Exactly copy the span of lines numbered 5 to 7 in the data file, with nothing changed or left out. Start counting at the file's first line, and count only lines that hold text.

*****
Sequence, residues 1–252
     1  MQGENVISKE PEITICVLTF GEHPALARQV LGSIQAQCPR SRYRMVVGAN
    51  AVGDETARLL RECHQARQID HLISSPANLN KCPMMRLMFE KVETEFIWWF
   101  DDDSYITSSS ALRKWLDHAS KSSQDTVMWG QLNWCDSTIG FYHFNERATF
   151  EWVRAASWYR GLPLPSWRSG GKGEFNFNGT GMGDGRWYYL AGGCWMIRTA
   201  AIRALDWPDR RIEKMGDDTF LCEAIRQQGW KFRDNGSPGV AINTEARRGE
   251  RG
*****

   151  EWVRAASWYR GLPLPSWRSG GKGEFNFNGT GMGDGRWYYL AGGCWMIRTA
   201  AIRALDWPDR RIEKMGDDTF LCEAIRQQGW KFRDNGSPGV AINTEARRGE
   251  RG